Mêlon saw his father collapse in the dust. Now he battled his way forward to keep the murderous Spartans from desecrating the body of Malgis; somehow he carried the body away from the fray. Lichas stabbed him above the knee and almost took him down, too, but the royal guard fell back and circled Agesilaos. They carried their king out rather than go after the Theban vanguard under Mêlon. The next day Gorgos, the captured helot, packed dead Malgis back to the farm, and he wrapped the leg of Mêlon as he drove the cart to Helikon with his dead and wounded masters. The Thebans set up a small black stone hidden away on a corner of the Kadmeia in the center of town, reading just as the Boiotarchs promised: Tode mnêma Malgidi, Antandros huiô, tô Thespiaô, hon Spartiai eidon kalon en Koroneia. Eis Hadas elthe makairpistos tôn Helikonidôn hina Boiotia pasa ê eleuthera. (This memorial is for Malgis, son of Antander, the Thespian, whom the Spartans knew well at Koroneia. He went down to Hades, most blessed of those Helikon way, so that all of Boiotia might be free.)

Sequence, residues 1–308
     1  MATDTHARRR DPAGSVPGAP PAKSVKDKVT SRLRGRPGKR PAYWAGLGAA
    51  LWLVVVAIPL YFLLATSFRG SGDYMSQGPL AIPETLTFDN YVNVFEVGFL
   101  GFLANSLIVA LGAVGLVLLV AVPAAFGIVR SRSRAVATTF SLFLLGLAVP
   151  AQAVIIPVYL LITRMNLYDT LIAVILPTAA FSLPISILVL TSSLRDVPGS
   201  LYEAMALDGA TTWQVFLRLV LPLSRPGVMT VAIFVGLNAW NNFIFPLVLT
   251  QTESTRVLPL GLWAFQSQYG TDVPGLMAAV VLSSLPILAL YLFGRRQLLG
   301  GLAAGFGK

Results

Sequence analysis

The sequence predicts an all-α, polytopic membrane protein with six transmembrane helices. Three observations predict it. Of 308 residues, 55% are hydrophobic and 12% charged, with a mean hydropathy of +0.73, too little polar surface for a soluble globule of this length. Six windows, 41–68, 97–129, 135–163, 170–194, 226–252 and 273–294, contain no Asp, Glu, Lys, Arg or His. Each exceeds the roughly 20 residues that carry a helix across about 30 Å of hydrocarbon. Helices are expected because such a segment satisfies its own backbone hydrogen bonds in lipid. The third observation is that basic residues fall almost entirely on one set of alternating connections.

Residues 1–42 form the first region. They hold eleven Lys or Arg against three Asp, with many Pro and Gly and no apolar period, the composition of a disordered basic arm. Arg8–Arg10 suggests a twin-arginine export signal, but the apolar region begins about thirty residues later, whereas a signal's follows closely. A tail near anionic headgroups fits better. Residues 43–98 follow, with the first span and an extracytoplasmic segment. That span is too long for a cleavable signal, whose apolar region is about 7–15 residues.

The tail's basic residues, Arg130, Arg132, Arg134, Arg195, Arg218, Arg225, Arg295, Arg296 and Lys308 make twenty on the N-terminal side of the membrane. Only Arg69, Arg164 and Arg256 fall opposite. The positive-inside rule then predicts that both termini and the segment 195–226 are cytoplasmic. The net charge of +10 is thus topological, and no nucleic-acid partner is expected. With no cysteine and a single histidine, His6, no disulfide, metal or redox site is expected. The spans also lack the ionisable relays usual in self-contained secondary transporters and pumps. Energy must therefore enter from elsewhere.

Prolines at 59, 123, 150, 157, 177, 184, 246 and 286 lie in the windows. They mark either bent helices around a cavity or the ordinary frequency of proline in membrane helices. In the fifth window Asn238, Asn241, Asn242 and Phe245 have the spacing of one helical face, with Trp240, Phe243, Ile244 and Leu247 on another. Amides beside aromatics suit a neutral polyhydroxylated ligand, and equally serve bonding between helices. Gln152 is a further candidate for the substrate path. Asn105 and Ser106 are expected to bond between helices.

The Spartan iron had bored in a palm’s width above the back of Mêlon’s knee. To the bone and deeper Lichas had driven his spear tip to roll up his tendon. If he were to meet Lichas this coming day at Leuktra, then the reckoning had been yet another reason to follow Nêto’s prophecy and come down at last from Helikon. But Lophis had filled him with talk of Epaminondas, and freedom from Sparta, and something greater still. The result was that he thought himself not so old and crippled as much as wise and experienced—and needing to settle with Lichas. But even before that for twenty years and more, he picked up his spear Bora, put on his panoply every other evening behind the shed—bronze breast- and backplate, concave round willow shield, banged-up greaves, slashing sword, and heavy helmet—and then did his ten or so jabs and set moves. Right foot forward with the spear thrust; right back to bring the enemy in off balance; the shield bash with the left foot leading; the underhand stab to the groin; the overhand thrust down into the enemy’s neck; the wild right hand cross slash with the cleaver; the sword chop down on the helmet; the crouch to one knee behind the shield; the right-wing drift; the steady walk ahead; the double-time trot. These were all the moves, the hoplomachia, that his Theban drill masters had once taught him before the battles at the Nemea and at Koroneia, and that he had repeated three thousand times and more these years so that perhaps one day he would come down his mountain and kill Spartans without end.